Unread postby Cog » Mon 29 Oct 2018, 05:02:05

Eagles use talons to seize fish and rabbits. My cat uses teeth and claws to catch mice. Humans use guns because their teeth and claws are not useful to acquire food. I see no difference in the outcome for the prey.

But regarding biophilia, this love or appreciation of nature. I only see humans as capable of it. But humans, like all other animals, seek to isolate ourselves from the extremes of what nature is. The lessor animals have dens and nests and do this by instinct. Humans do the same, but with the additional human concept of comfort and convenience. It 72 degrees in my house. It will be tomorrow. I can survive lower temperatures but why should I?
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Re: Biophilia

Unread postby Cog » Mon 29 Oct 2018, 05:41:45

This is not a criticism of Ibon's cloud forest resort. I'm sure people enjoy the experience. But it's still practices isolation from the natural environment. His guests do not sleep on the ground, or have to scrounge their own food, or be subject to the extremes of nature. The guests feel they get close to nature but don't really want to be a full part of it. I don't blame them. Nature can be beautiful but it can also kill you stone dead.
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Re: Biophilia

Unread postby Newfie » Mon 29 Oct 2018, 05:52:20

Those are good points, that we need to appreciate nature IN ORDER TO protect ourselves from nature. And perhaps that’s where there is a distinction between biophilia and Nature Lover. Gracie Burns used to say “I love nature, as long as it stays where it belongs, outside my window.”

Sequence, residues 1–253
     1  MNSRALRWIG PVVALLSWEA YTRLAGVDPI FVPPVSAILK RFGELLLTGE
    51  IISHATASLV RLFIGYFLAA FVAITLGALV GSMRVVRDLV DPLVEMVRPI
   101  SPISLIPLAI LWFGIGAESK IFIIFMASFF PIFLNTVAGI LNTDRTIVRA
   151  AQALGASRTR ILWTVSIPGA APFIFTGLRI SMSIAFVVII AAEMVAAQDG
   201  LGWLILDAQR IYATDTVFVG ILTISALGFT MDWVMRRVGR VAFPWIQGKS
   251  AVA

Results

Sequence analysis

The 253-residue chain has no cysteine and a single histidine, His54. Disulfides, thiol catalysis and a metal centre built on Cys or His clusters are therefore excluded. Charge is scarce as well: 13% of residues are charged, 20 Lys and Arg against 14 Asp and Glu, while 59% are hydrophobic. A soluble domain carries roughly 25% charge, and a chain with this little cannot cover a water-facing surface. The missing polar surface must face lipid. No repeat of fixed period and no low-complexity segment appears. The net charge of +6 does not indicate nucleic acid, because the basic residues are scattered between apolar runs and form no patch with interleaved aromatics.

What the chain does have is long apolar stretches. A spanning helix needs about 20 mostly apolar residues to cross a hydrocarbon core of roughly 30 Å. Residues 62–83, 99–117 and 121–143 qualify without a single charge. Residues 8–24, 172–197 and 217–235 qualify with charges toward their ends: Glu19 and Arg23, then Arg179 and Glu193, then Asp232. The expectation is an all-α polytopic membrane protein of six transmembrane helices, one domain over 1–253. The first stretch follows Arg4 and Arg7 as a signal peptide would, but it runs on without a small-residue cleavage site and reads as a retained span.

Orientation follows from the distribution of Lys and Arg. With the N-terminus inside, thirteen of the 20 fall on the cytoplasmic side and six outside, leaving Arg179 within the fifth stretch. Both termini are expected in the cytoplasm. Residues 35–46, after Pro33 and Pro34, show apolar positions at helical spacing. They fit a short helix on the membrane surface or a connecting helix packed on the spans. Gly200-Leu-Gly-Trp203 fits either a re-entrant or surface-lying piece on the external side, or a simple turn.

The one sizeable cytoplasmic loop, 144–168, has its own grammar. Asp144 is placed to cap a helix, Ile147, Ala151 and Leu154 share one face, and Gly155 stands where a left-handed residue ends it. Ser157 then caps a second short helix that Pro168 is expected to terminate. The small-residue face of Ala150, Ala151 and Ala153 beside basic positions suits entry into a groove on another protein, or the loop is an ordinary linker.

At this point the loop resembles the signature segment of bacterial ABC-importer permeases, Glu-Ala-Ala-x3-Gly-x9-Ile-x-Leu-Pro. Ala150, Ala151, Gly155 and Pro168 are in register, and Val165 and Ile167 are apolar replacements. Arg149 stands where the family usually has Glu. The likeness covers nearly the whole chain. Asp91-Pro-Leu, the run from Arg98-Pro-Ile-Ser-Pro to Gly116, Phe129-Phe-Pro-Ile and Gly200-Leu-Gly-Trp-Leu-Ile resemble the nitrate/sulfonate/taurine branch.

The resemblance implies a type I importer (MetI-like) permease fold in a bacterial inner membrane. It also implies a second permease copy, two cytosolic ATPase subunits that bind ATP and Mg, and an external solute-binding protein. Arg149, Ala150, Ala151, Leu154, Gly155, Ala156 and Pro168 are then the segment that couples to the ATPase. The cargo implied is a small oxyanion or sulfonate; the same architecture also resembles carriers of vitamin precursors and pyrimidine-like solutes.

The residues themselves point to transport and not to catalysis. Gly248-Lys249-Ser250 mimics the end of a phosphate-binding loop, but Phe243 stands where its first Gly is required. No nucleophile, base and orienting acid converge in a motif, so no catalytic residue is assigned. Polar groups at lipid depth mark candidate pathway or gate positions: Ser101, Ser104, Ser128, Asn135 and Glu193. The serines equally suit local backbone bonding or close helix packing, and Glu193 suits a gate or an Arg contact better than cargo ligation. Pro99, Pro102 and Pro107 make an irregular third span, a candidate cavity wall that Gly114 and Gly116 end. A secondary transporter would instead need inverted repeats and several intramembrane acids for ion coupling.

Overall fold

Biophilia, to me anyway, implies a belonging with nature, a coexistence. Which further means some understanding. It’s not just looking at a nice sunset, it’s coasting a rocky shore knowing a change in wind can spell death if you allow yourself to be embayed.

That’s where the lack of natural knowledge will bite us, our hubris that we control nature. The stupid is strong in that one.

Cog asked: “Don’t all animals seem to insulate themselves from nature?” Great question. The answer is yes, all but one, humans.

We know that we are raising the temperature and that as a consequence Nature will provide SLR and desertification. We know we are depleting our soils and creating runoff. Nature will make the soils less fruitful and create alge blooms. Nature has given us finite resources to use sparingly. Even those, such as water, which renew, we use at an excessive rate.

To some of us the mistakes humanity is making are colossal and obvious. But equally obvious is that too many, economist in general, are oblivious to the consequences. Not because they are bad people but because they never learned the language of nature. They don’t understand limits, they don’t need to, they can create infinite amounts of money at any time. And to be honest, I don’t understand the world of economics, it’s like reading scfi, the laws of nature need not apply.
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Re: Biophilia

Unread postby Ibon » Sun 04 Nov 2018, 07:24:17

This quote belongs on this thread

“Man is the most insane species. He worships an invisible God and destroys a visible Nature. Unaware that this Nature he’s destroying is this God he’s worshiping.”

― Hubert Reeves
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Re: Biophilia

Unread postby Cog » Sun 04 Nov 2018, 08:56:01

The planet is not sentient no matter how much you Gaia worshippers think otherwise. It's a ball of rock surrounded by a skin of atmosphere with a skim coat of biologic activity.